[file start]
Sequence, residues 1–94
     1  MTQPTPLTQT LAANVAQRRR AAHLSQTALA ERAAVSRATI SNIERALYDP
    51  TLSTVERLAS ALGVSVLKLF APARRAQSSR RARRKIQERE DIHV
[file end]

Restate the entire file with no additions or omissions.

Sequence, residues 1–94
     1  MTQPTPLTQT LAANVAQRRR AAHLSQTALA ERAAVSRATI SNIERALYDP
    51  TLSTVERLAS ALGVSVLKLF APARRAQSSR RARRKIQERE DIHV